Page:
The hooded skunk is found from the southwestern United States all the way down to Costa Rica. This species can be found in a variety of habitats, according to the University of Michigan. "Hooded skunks can live in several habitats, from dry lowlands to boreal forests or plateaus, and many habitats in between. These skunks may be found in high-elevation ponderosa pine forests, deciduous forests, forest edges, riparian zones, rocky canyons, grasslands, pastures, and arid desert lowlands. In Oaxaca, Mexico, where they are the most common skunk species, they prefer grasslands and marshes over scrublands."

Like many skunk species, hooded skunks have more than just one name. This species is sometimes called the long-tailed Mexican skunk, southern skunk, white-sided skunk or zorillo.

Hog-nosed skunks

Hog-nosed skunks have bare noses from all the rooting around they do when hunting for food to eat. Hog-nosed skunks have bare noses from all the rooting around they do when hunting for food to eat. (Photo: Patagonian Stock AE/Shutterstock)

Hog-nosed skunks have a broad, bald snout much like that of a pig. Like their namesake, the hog-nosed skunk uses its strong sniffer to root around in the ground for food, which includes grubs, beetles and insect larvae. Combined with long, sharp claws and a powerful upper body, hog-nosed skunks are powerful diggers.

Hog-nosed skunks are found in southern North America, Central America and portions of South America. There are several distinct species: Molina's hog-nosed skunk, the striped hog-nosed skunk, Humboldt's hog-nosed skunk and the American hog-nosed skunk (which includes eastern hog-nosed and western hog-nosed skunks).

The American hog-nosed skunk is not only among the largest skunk species at more than 2 feet long and weighing up to 10 pounds, it is also the only species that lacks the familiar white medial bar between the eyes. The all-black face and distinctive nose make this type of skunk easy to identify.

The hog-nosed skunk has an interesting evolutionary history among skunk species. According to Natural History Magazine:

An ancestor of hog-nosed skunks and a spotted skunk-like form appeared in the early Pliocene records of Mexico. Shortly after that, the hog-nosed skunks managed to migrate into South America, taking advantage of a newly formed land bridge connecting North and South America. This is part of a major geologic event called the Great American Biotic Interchange, or GABI, and hog-nosed skunks were among the earliest carnivores to expand to the south.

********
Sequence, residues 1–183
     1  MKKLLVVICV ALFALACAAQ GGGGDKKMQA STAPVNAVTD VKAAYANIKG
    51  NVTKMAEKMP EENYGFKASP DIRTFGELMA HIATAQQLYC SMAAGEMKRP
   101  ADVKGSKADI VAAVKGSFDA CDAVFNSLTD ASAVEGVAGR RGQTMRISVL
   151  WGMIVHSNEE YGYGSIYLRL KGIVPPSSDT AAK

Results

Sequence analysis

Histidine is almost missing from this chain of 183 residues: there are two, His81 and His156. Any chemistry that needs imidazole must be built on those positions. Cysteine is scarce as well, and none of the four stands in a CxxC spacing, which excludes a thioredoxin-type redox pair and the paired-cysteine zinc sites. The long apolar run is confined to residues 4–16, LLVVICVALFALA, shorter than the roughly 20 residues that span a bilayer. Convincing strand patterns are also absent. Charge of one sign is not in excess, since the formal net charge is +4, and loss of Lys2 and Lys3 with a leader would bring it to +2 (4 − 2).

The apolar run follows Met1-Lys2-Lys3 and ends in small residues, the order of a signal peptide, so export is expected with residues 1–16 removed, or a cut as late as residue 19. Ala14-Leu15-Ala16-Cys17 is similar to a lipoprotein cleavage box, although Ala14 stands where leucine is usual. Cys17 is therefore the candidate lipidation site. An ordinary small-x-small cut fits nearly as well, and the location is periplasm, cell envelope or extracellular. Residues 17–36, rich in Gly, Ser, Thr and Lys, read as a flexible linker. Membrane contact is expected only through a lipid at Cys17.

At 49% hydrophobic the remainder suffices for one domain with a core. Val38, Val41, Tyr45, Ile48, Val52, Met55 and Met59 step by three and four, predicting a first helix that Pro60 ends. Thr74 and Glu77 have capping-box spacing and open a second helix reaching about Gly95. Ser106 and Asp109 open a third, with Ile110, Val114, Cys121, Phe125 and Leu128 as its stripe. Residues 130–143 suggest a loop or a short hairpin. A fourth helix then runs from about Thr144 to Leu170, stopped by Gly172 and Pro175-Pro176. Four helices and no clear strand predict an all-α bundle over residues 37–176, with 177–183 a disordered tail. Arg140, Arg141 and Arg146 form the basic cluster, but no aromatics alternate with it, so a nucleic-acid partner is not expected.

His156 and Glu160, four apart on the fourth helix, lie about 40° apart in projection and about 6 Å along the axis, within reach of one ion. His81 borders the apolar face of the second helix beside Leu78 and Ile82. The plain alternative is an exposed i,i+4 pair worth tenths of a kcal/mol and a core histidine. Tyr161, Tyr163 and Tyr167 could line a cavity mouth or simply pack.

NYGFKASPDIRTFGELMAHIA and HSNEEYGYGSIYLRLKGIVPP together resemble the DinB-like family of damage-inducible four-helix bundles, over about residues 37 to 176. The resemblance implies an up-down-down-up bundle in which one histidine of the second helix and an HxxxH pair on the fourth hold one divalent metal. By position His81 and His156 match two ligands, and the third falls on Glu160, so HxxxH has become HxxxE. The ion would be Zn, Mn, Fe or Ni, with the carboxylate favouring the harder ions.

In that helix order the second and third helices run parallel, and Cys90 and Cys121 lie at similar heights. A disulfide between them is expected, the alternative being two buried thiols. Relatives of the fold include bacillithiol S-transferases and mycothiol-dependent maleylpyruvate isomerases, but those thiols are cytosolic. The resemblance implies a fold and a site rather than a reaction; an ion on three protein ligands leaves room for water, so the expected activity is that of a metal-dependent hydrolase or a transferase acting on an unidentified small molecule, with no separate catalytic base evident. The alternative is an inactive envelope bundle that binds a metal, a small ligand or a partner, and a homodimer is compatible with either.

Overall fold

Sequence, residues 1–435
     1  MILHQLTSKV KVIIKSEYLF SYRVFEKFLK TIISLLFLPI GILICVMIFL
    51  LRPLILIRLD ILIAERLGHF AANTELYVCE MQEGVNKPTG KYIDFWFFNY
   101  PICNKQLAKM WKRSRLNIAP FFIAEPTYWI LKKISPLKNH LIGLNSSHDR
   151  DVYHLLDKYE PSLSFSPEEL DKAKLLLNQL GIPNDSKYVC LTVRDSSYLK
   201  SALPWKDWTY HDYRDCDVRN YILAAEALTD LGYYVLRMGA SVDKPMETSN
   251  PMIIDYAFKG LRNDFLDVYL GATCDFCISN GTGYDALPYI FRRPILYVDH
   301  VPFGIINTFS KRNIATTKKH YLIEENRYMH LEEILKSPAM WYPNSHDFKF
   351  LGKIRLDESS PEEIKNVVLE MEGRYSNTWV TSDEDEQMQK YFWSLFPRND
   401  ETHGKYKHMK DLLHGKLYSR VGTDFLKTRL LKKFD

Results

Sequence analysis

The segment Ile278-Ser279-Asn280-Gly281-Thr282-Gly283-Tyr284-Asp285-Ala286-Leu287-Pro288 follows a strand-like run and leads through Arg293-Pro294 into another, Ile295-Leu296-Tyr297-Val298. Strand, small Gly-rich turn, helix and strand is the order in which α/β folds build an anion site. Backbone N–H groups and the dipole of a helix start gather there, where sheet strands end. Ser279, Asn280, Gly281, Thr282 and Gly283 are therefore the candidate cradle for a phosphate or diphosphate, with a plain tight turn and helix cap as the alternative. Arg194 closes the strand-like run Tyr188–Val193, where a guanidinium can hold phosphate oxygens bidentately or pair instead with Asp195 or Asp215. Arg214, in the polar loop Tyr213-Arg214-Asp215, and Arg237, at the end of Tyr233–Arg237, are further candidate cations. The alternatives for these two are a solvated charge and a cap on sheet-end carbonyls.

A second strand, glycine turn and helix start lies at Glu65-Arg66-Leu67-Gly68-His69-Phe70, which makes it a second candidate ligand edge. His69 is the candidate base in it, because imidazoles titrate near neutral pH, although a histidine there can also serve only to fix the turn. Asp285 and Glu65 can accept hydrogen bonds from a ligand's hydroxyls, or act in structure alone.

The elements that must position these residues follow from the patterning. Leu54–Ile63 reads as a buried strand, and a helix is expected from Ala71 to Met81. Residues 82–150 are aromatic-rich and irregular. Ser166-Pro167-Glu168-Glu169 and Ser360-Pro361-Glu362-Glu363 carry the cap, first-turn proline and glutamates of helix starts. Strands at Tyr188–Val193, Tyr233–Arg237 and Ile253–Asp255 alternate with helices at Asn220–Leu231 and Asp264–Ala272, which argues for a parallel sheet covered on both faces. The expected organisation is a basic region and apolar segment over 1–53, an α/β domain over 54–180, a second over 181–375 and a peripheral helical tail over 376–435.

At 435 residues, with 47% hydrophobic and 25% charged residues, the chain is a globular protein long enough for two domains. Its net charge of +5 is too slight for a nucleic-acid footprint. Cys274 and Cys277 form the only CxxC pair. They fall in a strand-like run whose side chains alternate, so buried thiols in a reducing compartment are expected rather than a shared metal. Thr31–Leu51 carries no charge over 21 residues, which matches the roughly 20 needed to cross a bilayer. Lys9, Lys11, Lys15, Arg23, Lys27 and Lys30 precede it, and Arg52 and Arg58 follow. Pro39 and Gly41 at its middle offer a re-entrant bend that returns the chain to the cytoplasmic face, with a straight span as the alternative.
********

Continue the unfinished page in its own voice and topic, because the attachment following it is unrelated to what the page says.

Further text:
Hog-nosed skunks primarily eat insects and prey that are considered crop pests, so they can be particularly beneficial to have on a farm or in a garden.

Stink badgers

Stink badgers were only recently classified as part of the skunk family. Stink badgers were only recently classified as part of the skunk family. (Photo: nicoolay/iStockPhoto)

Despite the “badger” label, these smelly critters fall squarely in the skunk family. Their appearance is part of the misnomer, since they lack a long bushy tail like other skunk species. Instead, they have a similar look to badgers with their robust, stocky body shape and stumpy tails.

There are two species of stink badger — the Palawan stink badger, or pantot, and the Sunda stink badger, or teledu. They’re found on the western islands of the Malay Archipelago where they root around for invertebrates, eggs, worms and other goodies under the cover of night.

Like its skunk relatives, and true to its name, the stink badger can spray a foul-smelling secretion as a form of self-defense. For the Sunda stink badger, this is the second tack it takes when threatened. Its first strategy is to play dead like an opossum. When it is forced to squirt a predator, it can spray the secretion only about 6 inches. The Palawan stink badger, on the other hand, has a far more noxious smelling secretion which it can spray up to a meter away and will do so as the first line of defense. In other words, they’re not to be trifled with.

Check out a stink badger in action as it moves around looking for grub (literally!) in the middle of the night.

Jaymi Heimbuch ( @jaymiheimbuch ) focuses on wildlife conservation and animal news from her home base in San Francisco.